- Darkness (99¢)—Gives sunrise/sunset, moonrise/moonset/phase, and much more
- Dictionary.com (free)—230,000-entry dictionary (Optional pronunciation guide requires internet access)
- Escapees Parks List (free web app)—Information about all Escapees RV Club parks
- First Aid & CPR ($3.99)—Excellent first aid guide from the American Heart Association includes instructional video on CPR
- Find iPhone (free)—This is the first app you should install after buying a new iPhone or iPad! If your device is lost or stolen, this will help you get it back, or at least wipe its memory and lock it so it can't be used.
- Garmin U.S.A. ($49.99)—Turns your iPhone or GPS-equipped iPad into a Garmin Nüvi navigator. Unlike Apple's and Google's map apps, this is entirely self-contained—it requires no internet access! Expensive, but worth it—see this article for details on how I use my iPad Mini as my main GPS. Note: GPS is required, so this app is not for iPod Touch or Wi-Fi-only iPads.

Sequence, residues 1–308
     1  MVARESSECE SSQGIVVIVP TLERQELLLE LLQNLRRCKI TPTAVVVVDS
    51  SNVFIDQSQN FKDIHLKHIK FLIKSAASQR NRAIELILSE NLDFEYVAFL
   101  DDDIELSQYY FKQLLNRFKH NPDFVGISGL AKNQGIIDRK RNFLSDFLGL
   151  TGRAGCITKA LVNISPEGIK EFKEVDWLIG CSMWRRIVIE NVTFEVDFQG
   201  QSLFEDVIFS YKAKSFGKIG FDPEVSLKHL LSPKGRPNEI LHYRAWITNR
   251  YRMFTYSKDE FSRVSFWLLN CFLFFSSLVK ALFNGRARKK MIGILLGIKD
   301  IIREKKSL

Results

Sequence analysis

- Google Earth (free)—Lets you swoop and soar over the landscape (Requires internet access)
- Google Maps (free)—Apple Maps have worked pretty well for me, but if you're more comfortable with Google Maps, here they are! (Requires internet access)
- Google Search (free)—Sure, you can get to Google via the Safari web browser, but this is easier... and it understands voice commands. (Requires internet access)
- iBird Explorer 15 (free)—Great way to try out the program for free (has 15 birds)
- iBird Explorer Western ($9.99)—This is the version I use; it has 828 birds (Optional Flickr search requires internet access)
- iHandy Level (free)—Beautifully designed and useful carpenter's level
- iHandy Carpenter ($1.99)—This is the version I have; it has added features (circular level, protractor, ruler, plumb bob)
- iMDb (free)—Accesses the Internet Movie Database (Requires internet access)
- iPharmacy (99¢)—Complete data on more than 5,000 commonly prescribed drugs (Some optional features require internet access)